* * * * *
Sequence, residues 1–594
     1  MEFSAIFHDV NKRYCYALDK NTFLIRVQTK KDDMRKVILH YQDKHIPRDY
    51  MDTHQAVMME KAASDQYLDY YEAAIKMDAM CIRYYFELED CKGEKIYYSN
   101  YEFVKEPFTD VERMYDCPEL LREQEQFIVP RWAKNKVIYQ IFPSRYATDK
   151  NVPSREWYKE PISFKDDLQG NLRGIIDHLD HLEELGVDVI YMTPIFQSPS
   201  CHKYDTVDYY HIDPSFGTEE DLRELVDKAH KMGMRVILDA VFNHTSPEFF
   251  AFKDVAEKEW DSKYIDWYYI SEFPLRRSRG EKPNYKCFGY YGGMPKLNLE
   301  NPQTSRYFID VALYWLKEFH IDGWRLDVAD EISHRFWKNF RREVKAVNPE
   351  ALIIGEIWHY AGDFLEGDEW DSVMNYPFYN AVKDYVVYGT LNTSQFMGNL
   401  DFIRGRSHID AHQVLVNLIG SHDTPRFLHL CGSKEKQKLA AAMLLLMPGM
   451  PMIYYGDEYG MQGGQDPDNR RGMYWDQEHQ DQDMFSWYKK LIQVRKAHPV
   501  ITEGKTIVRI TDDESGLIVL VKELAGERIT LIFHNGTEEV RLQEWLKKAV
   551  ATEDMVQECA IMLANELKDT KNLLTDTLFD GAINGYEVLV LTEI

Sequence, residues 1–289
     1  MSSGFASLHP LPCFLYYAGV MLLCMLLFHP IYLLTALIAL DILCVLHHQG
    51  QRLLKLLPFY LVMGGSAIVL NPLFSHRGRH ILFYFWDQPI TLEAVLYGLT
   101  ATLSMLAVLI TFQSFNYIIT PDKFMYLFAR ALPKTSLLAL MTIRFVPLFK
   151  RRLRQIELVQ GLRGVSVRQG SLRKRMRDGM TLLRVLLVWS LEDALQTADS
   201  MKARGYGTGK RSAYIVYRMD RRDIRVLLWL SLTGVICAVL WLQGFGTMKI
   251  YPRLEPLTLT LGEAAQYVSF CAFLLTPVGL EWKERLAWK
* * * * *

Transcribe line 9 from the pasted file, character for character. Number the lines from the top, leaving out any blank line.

   351  ALIIGEIWHY AGDFLEGDEW DSVMNYPFYN AVKDYVVYGT LNTSQFMGNL